Clement did not think this would be particularly applicable to the Europe, noting that “one of the dynamics of the European model is that we all go pretty much the same time on our peak sports.” The risk of “moving games to achieve remote production [could] far outweigh the savings we would make,” he suggested.

Sources of demand

From Rayner and Nevion’s perspective, there are currently three main areas “we are seeing demand for” when it comes to remote production, namely “sharing of facilities, sharing of people, and sharing of equipment and capability. There are cost savings and enables for all of those. A scheduling [shift] has an impact on the sharing of resources and facilities [for example]. We are definitely start to see more of it happening, and we are involved in several such projects across the US and Europe.”

Above all, the motivating question among broadcasters and their service providers is “how can we share things more effectively?” said Rayner.

Asked to consider whether there is general sense of ease at the greater sharing of resources and personnel required by remote production, Clement said he felt that “most individuals are at peace with where this is going. We had the conversations early on, and ultimately [the teams involved] want to make good content. If as a result of remote production we can dial into each other’s content easily and make more content available” then the resultant programming is bound to be enhanced.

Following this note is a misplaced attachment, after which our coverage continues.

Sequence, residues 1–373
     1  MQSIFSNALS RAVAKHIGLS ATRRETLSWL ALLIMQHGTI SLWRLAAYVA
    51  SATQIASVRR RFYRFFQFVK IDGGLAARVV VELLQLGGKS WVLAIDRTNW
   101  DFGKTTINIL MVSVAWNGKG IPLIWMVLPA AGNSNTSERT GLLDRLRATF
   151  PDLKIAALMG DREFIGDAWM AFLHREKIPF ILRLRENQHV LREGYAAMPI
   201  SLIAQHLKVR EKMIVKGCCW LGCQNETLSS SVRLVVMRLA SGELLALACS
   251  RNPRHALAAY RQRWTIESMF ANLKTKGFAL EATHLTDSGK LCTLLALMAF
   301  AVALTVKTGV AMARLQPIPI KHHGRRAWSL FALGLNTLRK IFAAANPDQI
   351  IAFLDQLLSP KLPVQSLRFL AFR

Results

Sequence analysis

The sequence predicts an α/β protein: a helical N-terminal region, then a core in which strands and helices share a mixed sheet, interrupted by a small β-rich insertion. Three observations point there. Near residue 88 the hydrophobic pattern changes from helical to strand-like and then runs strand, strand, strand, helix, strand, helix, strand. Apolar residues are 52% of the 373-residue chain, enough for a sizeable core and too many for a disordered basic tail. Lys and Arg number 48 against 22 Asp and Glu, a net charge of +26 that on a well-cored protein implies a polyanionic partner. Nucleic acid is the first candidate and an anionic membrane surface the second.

Ultimately, one should keep an open mind to new techniques and technologies, of which remote production is only one (admittedly significant) consideration. “This is one major part of the massive change taking place in our industry. And when you turn something on its head the number of other things that can change as well is surprising,” said Clement.

Appetite for creation

Of course, one of the great enablers of remote production is more fully optimised use of the available bandwidth, and in this regard Rayner confirmed that production teams are always poised and ready to make the most of it. “As technology providers we have observed that once capability to make good use of the bandwidth has become cheaper then the producers and creatives will always find a way of using that to enhance [their productions],” he said. “Every time there is a step forward in terms of the compressed or uncompressed feeds that can be brought back there is always a demand for more.”

Skogheim remarked that in terms of cloud capability and being able to deliver live streams with remote production, there is still a “bandwidth issue” to be overcome for some users to be able to realise an “IP infrastructure that covers your whole production infrastructure”.

The final thoughts of the session came from Rayner, who remarked that “one of the benefits of time-stamping all elements in future productions will be that you will have the opportunity to do different things in different countries, [and know that you have the necessary] technology to tie it all together. For example, with next generation IP technology we can have someone subtitling or doing commentary somewhere else [away from the event location], and it can all be remotely timed wherever they are globally. The opportunity to make latency not matter is going to be a key enabler here.”